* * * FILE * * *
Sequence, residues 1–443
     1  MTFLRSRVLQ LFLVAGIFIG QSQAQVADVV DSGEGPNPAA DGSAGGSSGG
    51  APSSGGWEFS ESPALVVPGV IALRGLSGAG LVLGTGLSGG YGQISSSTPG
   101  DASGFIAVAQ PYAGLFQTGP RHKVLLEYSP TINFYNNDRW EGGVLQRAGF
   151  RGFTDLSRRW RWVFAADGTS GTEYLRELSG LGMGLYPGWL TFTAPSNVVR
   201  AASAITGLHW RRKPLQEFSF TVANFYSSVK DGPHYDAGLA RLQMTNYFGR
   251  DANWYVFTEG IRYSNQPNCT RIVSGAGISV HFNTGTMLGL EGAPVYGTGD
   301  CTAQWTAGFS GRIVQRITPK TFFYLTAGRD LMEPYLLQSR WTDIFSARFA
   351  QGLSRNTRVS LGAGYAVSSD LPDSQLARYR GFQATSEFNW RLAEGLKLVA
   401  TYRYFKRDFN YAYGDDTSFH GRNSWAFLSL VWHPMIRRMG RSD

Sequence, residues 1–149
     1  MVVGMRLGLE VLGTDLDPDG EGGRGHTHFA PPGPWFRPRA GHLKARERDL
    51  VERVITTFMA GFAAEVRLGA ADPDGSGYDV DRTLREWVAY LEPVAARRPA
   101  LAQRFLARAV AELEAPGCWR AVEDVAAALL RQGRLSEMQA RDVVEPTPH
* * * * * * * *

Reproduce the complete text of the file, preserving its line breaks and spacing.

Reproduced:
Sequence, residues 1–443
     1  MTFLRSRVLQ LFLVAGIFIG QSQAQVADVV DSGEGPNPAA DGSAGGSSGG
    51  APSSGGWEFS ESPALVVPGV IALRGLSGAG LVLGTGLSGG YGQISSSTPG
   101  DASGFIAVAQ PYAGLFQTGP RHKVLLEYSP TINFYNNDRW EGGVLQRAGF
   151  RGFTDLSRRW RWVFAADGTS GTEYLRELSG LGMGLYPGWL TFTAPSNVVR
   201  AASAITGLHW RRKPLQEFSF TVANFYSSVK DGPHYDAGLA RLQMTNYFGR
   251  DANWYVFTEG IRYSNQPNCT RIVSGAGISV HFNTGTMLGL EGAPVYGTGD
   301  CTAQWTAGFS GRIVQRITPK TFFYLTAGRD LMEPYLLQSR WTDIFSARFA
   351  QGLSRNTRVS LGAGYAVSSD LPDSQLARYR GFQATSEFNW RLAEGLKLVA
   401  TYRYFKRDFN YAYGDDTSFH GRNSWAFLSL VWHPMIRRMG RSD

Sequence, residues 1–149
     1  MVVGMRLGLE VLGTDLDPDG EGGRGHTHFA PPGPWFRPRA GHLKARERDL
    51  VERVITTFMA GFAAEVRLGA ADPDGSGYDV DRTLREWVAY LEPVAARRPA
   101  LAQRFLARAV AELEAPGCWR AVEDVAAALL RQGRLSEMQA RDVVEPTPH